Scoliosis: Top 5 things to know

Health and Fitness, Latest News, Screening, Topics, What You Should Know

June is Scoliosis Awareness Month, a time to spread awareness about the condition and the benefits of early detection and treatment. 

Scoliosis is a condition where the spine becomes abnormally curved to the side. The curve can look like an “s” or a “c.” The most common kind of scoliosis is idiopathic scoliosis, which does not have a known cause. Here are the top five things to know about scoliosis.

1.  Scoliosis usually develops during the teen years. More than 80% of idiopathic scoliosis cases develop during adolescence. We don’t know why this is, but the body’s rate of growth during this time is suspected to play a role. Both boys and girls can develop scoliosis but is much more common in girls.

2.  Scoliosis can be easy to miss. Your child may not have any noticeable signs or symptoms, especially at the beginning. A formal scoliosis diagnosis is considered when the measure of the curve is 10 degrees or greater. However, a person with a curve between 10-20 degrees is not likely to notice it. Scoliosis is most often discovered during a check-up with a pediatrician or at a school screening.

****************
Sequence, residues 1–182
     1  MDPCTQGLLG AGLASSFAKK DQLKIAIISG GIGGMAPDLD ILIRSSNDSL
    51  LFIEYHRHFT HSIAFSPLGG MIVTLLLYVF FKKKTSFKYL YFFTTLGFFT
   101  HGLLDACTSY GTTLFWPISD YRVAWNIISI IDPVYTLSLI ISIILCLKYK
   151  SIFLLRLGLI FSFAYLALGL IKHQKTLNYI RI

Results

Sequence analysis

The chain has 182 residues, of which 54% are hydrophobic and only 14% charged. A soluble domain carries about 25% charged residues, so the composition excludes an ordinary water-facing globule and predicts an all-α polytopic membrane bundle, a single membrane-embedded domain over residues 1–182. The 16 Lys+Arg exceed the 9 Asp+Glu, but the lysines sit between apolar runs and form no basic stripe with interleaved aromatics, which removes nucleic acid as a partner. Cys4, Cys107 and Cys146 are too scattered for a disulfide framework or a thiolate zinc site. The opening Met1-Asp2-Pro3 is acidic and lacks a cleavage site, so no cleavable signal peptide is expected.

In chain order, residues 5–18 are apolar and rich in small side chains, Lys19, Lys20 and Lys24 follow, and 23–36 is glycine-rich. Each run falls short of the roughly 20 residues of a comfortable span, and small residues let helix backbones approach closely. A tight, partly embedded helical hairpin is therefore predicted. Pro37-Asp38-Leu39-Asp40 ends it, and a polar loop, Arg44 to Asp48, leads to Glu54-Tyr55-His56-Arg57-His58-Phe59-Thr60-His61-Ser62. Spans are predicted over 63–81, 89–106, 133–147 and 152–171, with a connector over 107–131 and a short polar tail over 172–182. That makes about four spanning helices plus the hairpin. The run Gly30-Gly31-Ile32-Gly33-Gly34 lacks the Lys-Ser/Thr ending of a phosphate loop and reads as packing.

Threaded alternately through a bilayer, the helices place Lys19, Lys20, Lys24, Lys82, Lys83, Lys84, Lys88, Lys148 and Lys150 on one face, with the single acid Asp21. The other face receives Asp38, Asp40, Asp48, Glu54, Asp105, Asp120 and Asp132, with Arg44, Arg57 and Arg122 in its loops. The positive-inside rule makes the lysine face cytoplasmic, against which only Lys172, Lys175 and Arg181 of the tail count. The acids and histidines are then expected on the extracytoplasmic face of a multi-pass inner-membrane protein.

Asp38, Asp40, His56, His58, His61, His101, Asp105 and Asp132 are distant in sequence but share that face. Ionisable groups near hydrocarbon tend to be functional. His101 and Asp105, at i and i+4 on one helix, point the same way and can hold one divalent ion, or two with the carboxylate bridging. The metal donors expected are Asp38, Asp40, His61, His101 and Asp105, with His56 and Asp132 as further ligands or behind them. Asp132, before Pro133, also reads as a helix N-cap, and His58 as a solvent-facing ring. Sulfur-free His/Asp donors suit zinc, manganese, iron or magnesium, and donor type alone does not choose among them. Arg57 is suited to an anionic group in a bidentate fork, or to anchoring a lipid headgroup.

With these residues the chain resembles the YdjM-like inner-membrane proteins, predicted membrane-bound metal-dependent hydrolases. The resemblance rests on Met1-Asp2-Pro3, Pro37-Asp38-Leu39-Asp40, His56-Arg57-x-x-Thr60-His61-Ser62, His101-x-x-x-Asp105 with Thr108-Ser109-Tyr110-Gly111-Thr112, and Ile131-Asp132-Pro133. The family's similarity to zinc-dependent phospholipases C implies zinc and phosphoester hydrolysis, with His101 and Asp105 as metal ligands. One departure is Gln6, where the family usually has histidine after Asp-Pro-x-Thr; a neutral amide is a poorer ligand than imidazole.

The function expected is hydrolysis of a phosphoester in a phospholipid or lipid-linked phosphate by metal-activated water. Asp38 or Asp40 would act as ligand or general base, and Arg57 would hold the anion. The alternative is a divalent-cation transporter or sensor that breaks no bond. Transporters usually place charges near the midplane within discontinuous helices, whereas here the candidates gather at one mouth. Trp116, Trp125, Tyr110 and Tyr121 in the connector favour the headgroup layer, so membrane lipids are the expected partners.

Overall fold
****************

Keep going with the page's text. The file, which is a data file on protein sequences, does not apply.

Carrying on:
3.  Active treatment is usually not needed. In most cases of scoliosis, the curve does not progress enough to cause problems or require treatment. A regular evaluation with a doctor is enough to monitor the condition until the child reaches skeletal maturity. As long as the curve does not reach 25-30 degrees and does not progress more than five degrees in six months, it is not considered high risk.

4.  Rigid bracing can stop curve progression. If the spinal curve has reached at least 25 degrees and the child has not reached skeletal maturity, bracing may be recommended. Currently rigid braces are the only nonsurgical treatment proven to slow scoliosis progression. 

5.  Surgery is the last resort. In rare cases when scoliosis continues to progress past 45-50 degrees, surgery may be considered as a treatment option. If a scoliosis curve has yet to reach 45-50 degrees, the potential risks for surgery likely outweigh the benefits.

Doctors also recommend physical activity and core strengthening exercises to keep the back flexible and strong. 

While most scoliosis cases remain mild, it’s comforting to know there are safe, proven treatment options that are available.